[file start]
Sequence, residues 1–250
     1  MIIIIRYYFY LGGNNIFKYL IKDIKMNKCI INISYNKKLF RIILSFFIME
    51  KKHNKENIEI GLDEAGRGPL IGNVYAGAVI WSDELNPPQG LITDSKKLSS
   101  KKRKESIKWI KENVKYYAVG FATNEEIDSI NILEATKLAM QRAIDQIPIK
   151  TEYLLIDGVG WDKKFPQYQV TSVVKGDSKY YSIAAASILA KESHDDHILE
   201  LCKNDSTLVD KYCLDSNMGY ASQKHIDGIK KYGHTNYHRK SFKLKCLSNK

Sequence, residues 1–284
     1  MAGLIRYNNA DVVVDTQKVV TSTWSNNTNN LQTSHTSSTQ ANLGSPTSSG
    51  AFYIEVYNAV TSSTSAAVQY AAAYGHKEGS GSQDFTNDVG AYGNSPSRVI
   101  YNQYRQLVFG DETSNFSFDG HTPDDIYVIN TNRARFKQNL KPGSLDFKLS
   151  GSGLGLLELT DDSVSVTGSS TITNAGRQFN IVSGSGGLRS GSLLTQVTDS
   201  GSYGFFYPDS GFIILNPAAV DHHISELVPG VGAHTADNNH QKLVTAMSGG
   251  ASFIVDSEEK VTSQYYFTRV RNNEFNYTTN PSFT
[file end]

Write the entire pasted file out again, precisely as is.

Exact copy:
Sequence, residues 1–250
     1  MIIIIRYYFY LGGNNIFKYL IKDIKMNKCI INISYNKKLF RIILSFFIME
    51  KKHNKENIEI GLDEAGRGPL IGNVYAGAVI WSDELNPPQG LITDSKKLSS
   101  KKRKESIKWI KENVKYYAVG FATNEEIDSI NILEATKLAM QRAIDQIPIK
   151  TEYLLIDGVG WDKKFPQYQV TSVVKGDSKY YSIAAASILA KESHDDHILE
   201  LCKNDSTLVD KYCLDSNMGY ASQKHIDGIK KYGHTNYHRK SFKLKCLSNK

Sequence, residues 1–284
     1  MAGLIRYNNA DVVVDTQKVV TSTWSNNTNN LQTSHTSSTQ ANLGSPTSSG
    51  AFYIEVYNAV TSSTSAAVQY AAAYGHKEGS GSQDFTNDVG AYGNSPSRVI
   101  YNQYRQLVFG DETSNFSFDG HTPDDIYVIN TNRARFKQNL KPGSLDFKLS
   151  GSGLGLLELT DDSVSVTGSS TITNAGRQFN IVSGSGGLRS GSLLTQVTDS
   201  GSYGFFYPDS GFIILNPAAV DHHISELVPG VGAHTADNNH QKLVTAMSGG
   251  ASFIVDSEEK VTSQYYFTRV RNNEFNYTTN PSFT